I considered leaving Prop 8 blank in part because I didn’t want to deliver a victory to those angry activists (yes, they were angry even before the vote) who regularly decried the proponents of the proposition as haters or otherwise mean-spirited.  Few took the time to understand that legitimate objections to same-sex marriage that some social conservatives have.

In the end, it was emotion which caused me to vote against Prop 8, the warm feelings I held for a lesbian couple who had recently gotten married here in the Golden State.  In the way those two ladies related to each other, they showed that they understood the meaning of marriage.

Earlier today, a reader e-mailed me Debra Saunders’s column where she expresses an ambivalence on Prop 8 similar to my own as well as my outrage at the narrow-minded mean-spirited gay marriage advocates who so readily demonize their adversaries.

Unlike me, however, she abstained on 8:

I was so conflicted, I punted. I did not vote either way. I’m not proud of my nonvote, but as I watch the fallout from Proposition 8′s 52 percent victory, I’ve seen things that are forcing me out of my closet.

Like me, she’s bothered by the rhetoric of some of those advocates:

There has been too little recognition of the fact that marriage has been limited to unions between members of the opposite sex since about as long as there have been laws.

Activists would argue that Prop. 8 “took away” their rights — as if the five months between the George decision and Prop. 8′s passage outweigh thousands of years of human history. . . .

. . .in California, domestic partnerships provided all the benefits that came with same-sex marriage a la Ron George — except the name “marriage.” . . . .  In other words, when activists complain that Proposition 8 “took away” their rights, the only right changed was the ability to call themselves married under state law. The other benefits stand.

So, let’s have a civil discussion of gay marriage and be honest about the meaning of Proposition 8.  It all boils down to having the state calling same-sex unions marriage.

Gay marriage advocates need do a better job of making clear what that word matters so much.

Use the Conservative Model in Gay Marriage Debate

In the comments section to my first post from the “Equality Summit,” another participant chimed in, offering thoughts which help define the difference between the left and right in American today.

Addressing my observation about the absence of Republicans at the event, Stephen R. Stapleton wrote:

I don’t think we plan much outreach to conservatives. They aren’t very receptive to the outreach and I think those resources will return more if used to focus more moderate voters. I think resources put into reaching out to the religious and minority communities would return considerably more.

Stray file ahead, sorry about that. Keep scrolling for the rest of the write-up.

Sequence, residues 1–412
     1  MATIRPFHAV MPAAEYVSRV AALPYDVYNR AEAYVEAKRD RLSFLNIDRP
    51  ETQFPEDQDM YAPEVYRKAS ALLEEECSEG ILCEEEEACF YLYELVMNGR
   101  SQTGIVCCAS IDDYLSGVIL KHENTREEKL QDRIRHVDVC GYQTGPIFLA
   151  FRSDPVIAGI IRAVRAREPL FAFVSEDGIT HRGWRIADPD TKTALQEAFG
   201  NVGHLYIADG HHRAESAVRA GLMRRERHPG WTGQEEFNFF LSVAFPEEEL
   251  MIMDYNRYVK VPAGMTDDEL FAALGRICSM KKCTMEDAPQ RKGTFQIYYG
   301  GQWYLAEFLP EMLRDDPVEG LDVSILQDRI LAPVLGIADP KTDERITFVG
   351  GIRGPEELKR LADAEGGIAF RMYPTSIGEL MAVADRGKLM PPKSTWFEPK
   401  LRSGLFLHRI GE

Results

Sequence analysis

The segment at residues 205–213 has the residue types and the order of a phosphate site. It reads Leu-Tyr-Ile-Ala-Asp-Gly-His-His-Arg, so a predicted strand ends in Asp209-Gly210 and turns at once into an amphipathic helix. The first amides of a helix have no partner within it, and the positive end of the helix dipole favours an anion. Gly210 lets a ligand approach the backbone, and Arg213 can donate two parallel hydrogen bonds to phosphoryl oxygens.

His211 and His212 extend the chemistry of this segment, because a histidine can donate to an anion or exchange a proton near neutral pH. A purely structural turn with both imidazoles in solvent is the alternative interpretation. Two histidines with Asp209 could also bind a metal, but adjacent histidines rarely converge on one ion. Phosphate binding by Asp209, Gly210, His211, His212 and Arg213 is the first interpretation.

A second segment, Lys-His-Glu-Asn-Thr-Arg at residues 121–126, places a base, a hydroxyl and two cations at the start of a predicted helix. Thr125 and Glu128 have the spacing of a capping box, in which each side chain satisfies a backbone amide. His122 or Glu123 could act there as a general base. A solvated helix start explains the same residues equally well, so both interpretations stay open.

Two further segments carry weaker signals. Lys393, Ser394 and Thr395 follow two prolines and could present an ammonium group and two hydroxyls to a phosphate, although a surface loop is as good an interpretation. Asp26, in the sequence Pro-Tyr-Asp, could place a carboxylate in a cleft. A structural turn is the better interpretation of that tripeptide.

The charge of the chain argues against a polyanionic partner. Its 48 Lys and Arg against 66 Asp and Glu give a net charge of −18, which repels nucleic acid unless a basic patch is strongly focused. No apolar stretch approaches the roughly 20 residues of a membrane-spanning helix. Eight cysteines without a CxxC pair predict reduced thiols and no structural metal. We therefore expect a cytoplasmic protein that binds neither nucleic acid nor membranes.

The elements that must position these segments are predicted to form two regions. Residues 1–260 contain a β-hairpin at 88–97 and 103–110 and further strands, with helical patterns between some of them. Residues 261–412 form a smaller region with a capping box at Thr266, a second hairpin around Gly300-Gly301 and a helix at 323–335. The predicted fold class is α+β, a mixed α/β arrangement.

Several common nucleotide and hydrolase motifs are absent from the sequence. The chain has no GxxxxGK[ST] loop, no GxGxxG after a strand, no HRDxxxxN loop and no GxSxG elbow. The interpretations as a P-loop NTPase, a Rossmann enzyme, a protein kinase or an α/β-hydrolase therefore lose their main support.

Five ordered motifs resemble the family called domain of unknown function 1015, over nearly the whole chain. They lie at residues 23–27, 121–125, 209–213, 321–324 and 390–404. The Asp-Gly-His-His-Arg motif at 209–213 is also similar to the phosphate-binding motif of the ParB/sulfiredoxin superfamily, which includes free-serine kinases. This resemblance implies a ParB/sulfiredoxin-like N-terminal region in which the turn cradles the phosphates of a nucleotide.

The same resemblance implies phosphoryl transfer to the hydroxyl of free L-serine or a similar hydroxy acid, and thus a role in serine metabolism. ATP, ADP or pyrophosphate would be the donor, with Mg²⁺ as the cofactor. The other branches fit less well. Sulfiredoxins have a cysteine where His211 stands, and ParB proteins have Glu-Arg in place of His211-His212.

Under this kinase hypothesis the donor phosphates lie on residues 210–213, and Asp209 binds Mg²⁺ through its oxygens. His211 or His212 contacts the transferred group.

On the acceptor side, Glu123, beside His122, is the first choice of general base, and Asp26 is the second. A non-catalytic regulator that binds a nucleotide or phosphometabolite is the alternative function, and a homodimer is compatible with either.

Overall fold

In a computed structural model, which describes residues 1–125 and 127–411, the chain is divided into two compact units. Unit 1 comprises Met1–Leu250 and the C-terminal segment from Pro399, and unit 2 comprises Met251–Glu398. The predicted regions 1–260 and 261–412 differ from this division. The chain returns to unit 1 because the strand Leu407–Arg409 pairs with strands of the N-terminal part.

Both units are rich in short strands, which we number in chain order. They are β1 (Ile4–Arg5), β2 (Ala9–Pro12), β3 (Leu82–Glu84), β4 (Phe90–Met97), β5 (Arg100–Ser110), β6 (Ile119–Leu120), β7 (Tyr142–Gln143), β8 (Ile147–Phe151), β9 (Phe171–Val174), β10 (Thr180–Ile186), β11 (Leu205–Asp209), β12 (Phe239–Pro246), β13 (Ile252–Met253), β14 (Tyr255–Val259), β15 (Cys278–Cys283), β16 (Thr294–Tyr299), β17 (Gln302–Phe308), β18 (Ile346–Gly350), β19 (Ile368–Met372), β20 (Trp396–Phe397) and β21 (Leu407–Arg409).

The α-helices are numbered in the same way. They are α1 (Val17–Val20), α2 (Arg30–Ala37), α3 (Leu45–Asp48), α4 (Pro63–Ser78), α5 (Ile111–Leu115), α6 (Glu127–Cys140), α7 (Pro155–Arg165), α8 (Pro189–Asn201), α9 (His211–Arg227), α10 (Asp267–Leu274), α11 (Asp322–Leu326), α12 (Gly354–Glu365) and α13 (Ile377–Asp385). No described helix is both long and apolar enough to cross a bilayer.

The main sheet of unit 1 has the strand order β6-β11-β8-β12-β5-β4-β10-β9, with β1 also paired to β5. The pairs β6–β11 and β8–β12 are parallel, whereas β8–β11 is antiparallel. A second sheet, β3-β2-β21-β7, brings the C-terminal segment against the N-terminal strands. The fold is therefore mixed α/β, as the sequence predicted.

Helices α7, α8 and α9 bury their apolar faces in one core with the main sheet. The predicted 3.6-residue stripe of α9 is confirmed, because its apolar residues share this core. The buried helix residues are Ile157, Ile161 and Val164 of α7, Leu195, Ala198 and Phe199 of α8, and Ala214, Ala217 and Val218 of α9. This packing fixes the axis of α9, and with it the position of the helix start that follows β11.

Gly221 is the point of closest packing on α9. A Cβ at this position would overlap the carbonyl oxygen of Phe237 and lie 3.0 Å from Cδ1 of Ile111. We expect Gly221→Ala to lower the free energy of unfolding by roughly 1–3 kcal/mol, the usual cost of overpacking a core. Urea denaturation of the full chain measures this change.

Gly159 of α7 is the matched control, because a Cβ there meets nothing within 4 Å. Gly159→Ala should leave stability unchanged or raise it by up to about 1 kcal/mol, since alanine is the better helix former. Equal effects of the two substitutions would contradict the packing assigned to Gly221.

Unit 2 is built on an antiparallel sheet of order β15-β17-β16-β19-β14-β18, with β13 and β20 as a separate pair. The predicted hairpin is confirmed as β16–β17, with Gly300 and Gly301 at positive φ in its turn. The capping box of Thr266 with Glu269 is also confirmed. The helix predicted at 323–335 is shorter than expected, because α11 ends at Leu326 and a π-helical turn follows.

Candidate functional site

Note, his bias against conservatives, assuming we won’t be receptive to outreach. Has he even tried? He was not even aware of Republicans Against 8, saying, “I don’t think there was any Republican leadership active in the fight on Prop 8.”

Most (but, alas, not all) conservatives are a limited government lot. If gay activists could tweak their message, framing this as an issue of freedom rather than dwelling on equality, they would certainly get more conservatives on board. They would sway still others by doing as Catherine Thienmann did in pointing out that advocates of gay marriage understand and upload the obligations of the institution, including monogamy.

In short, they needed present unifying message based on ideas, the political idea here being freedom, the social, responsibility.

Too many on the left, however, would rather appeal to interest groups, as if the gay movement were part of some vast coalition of the oppressed. Minority groups thus become their allies, while conservatives their adversaries.

Since Ronald Reagan, however, the conservative movement has been one of ideas, crafting an inclusive, unifying message. (Republicans fail, when they lose sight of that message and resort to pandering as they did in 1992 and 2006.) By contrast, the modern left is a collection of interest groups, with the Democratic Party (as an example) pandering to each and every minority.

To reach to conservatives, gay marriage advocates need not pander, but instead make a strong case for gay marriage, making clear that state recognition of same-sex unions will not prevent private institutions for setting their own standards while defending the values undergirding this ancient institution.

The idea is not to pander, but to advocate. To promote an idea, in this case, the benefits of extending the privileges of marriage to same-sex couples.

Had conservatives been included in this weekend’s conclave, participants might better understand this strategy.